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Minimum Viable Product – What is an MVP?

What does MVP mean?

Talk about benefits

MVP best practices

What’s the difference between MVP, PoC and a Prototype?

Minimum Viable Product development process 

Q&A session

Our way of doing things

Summing up

Developing a digital product takes a lot of time and effort. It’s no longer about the solution itself but about everything connected to it. In order to fight off the competition, you have to focus on a factor that has a crucial impact on the app success – its users. That’s to say, when creating a product with a software development company, make the target audience your priority. And what’s a better way to do this than building Minimum Viable Product (MVP)?

What does MVP mean?

MVP stands for Minimum Viable Product and is a concept that allows to find out whether the product with the essential functions meets user’s needs. It checks how customers respond to the product value proposition. This method is especially popular for startups.

What is the definition of Minimum Viable Product? We can say that MVP is a kind of test, an experiment. One of the main goals of Minimum Viable Product at the early stage of launching the digital product is to gather information and feedback from the target users. However, the basic version doesn’t mean anything wrong here. MVP still has characteristics such as app’s core value, workability, usability and visual appealing. All of these features contribute to the core value of the product. Nothing more.

Is MVP necessary? How to create a Minimum Viable Product? Let’s find out. 

Talk about benefits

Minimum Viable Product development is a process that if done correctly and effectively, can bring a lot of benefits. It can overnight change the fate of a company, and from an unknown startup, make it a successful company. Here’s the proof (or tons of it actually). Let’s take a look at Facebook, Dropbox and many other successful companies that also wanted to validate their core idea with the audience. You’ll be no different.

There are many perks of creating MVP before launching a final product. It allows you to:

Understand what does the market need

In other words, your product fulfils the user’s requirements. How’s that? Because earlier on, during the MVP stage, together with a team of experts, you cooperate with the target audience in creating the final product. Thanks to that, in a short amount of time, the early adopters can determine if it’s something they need, which brings us to the next point.

Test the idea with minimal expenses

One of the main objectives of building an MVP is to learn about the product as much as possible in the shortest amount of time. Providing the target group with the early version of the app is a great way to find out what customers are willing to pay for. And the best part is that it’s all done with minimal expenses.

Minimise the risk of failure

Because your team works with the target audience and gets reliable feedback, they adjust your product to the user’s needs. This, in turn, reduces the odds of failure and increases the chances of success. In other words, you won’t have to watch as your idea fails on the market. It just won’t happen, as you’re going to have a base full of customers that signed up to use your product.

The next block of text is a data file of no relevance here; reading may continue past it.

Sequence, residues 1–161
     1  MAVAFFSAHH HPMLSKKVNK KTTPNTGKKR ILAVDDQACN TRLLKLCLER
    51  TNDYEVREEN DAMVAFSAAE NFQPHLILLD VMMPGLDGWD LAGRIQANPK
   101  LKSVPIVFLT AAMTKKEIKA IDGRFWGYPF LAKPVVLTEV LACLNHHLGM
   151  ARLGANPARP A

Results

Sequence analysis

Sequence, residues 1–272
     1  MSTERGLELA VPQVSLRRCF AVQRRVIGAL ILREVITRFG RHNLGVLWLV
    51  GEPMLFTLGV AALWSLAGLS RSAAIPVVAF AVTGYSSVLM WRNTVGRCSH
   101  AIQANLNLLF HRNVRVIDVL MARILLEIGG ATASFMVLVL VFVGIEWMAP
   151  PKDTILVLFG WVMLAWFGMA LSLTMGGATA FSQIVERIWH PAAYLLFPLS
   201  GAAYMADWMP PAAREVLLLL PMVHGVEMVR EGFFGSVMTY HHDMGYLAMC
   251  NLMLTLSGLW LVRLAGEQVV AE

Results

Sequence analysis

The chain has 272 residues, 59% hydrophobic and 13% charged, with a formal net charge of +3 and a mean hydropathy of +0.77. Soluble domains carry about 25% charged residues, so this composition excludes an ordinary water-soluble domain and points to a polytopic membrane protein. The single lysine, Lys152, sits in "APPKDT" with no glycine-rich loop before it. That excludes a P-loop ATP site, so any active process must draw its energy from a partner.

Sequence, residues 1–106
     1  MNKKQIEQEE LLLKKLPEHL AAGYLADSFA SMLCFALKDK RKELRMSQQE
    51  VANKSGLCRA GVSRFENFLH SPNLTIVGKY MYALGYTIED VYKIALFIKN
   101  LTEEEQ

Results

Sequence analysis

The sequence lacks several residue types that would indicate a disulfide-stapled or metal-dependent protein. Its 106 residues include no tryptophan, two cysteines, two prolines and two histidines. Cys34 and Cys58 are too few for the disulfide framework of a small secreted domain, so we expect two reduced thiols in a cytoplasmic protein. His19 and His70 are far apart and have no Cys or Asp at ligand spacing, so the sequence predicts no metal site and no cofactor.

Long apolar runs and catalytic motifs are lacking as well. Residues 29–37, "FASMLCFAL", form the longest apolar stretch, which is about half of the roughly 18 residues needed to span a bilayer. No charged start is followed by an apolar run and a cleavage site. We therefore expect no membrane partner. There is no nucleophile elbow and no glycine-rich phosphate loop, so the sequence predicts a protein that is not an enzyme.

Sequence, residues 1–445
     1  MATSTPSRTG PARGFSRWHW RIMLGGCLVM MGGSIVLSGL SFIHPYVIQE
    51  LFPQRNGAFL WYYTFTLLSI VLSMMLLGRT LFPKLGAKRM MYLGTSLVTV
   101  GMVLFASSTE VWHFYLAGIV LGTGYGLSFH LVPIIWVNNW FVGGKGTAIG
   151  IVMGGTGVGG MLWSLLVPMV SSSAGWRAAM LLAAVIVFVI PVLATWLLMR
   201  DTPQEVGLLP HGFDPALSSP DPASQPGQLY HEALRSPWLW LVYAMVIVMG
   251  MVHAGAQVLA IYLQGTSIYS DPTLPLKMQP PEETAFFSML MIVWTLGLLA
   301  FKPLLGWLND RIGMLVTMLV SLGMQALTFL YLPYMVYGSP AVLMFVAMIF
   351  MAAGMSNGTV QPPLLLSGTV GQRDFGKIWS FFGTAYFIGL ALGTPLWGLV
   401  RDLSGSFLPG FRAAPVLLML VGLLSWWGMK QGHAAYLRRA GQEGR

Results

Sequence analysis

Save development time & money

Including product end-user in the process, you save the resources that can be now spent on marketing, further development or your other projects. What’s more, the software house won’t have to go back and forth to fix the emerging shortcomings as it already had been uncovered during the MVP stage. You’re going to have a fully functional product that’s ready to launch and is adapted to the market.

MVP best practices

Now, since we already covered the benefits, it’s time to talk about some tips for Minimum Viable Product development. How to ensure that the process goes smoothly? Let’s see what to do to increase your product’s chances for the success:

  1. Involve your target group
    Along with your team, you need to explore the real needs of the group you want to reach with your product. Imagine them, create their persona, and later when the MVP is done, listen to their opinions and suggestions on your product. Then, the team is going to use early adopter’s feedback in developing the final app. The point is that you should make UX your priority.
  2. Do detailed research
    Check market demand, do technical and creative research. All of it so that MVP works on the right platform and has interface adjusted to customer’s needs. It’s better to spend more time on research, you’ll see it yourself. Thanks to that, the consecutive stages will get much easier.
  3. Define the essential features of your application
    Which features are going to bring value for your target audience and which are extra ones? Select the most important one and don’t hold back to others. You can add them later on, as the app will be on the market.
  4. Measure your progress
    Run tests and analyse feedback. The key to successful Minimum Viable Product development is learning about the product to make it user-friendly and ready for the market.

What’s the difference between MVP, PoC and a Prototype?

There are many misconceptions about these three methods. How do they differ from one another? Let’s find out. 

Proof of Concept

While all of these methods aim to check the idea, there’s a clear distinction between them. PoC is the quickest way to check if the idea is feasible. This method is excellent for innovative projects when there’s a higher risk of potential setbacks and problems.

Minimum Viable Product

When we talk about MVP, we think about a basic version of the app with features and functions that allow the target audience to decide whether they find it useful or not. Here, we focus on user experience. Are our assumptions right? Is this what they want and need?


While preparing the prototype, we get to see how the concept will be done. We build an interactive model that allows the team to test the product with users quickly and efficiently. We sometimes choose to create Wireframe Prototypes which are focused more on user flows and app functionality, while others centre around design as well as the layout.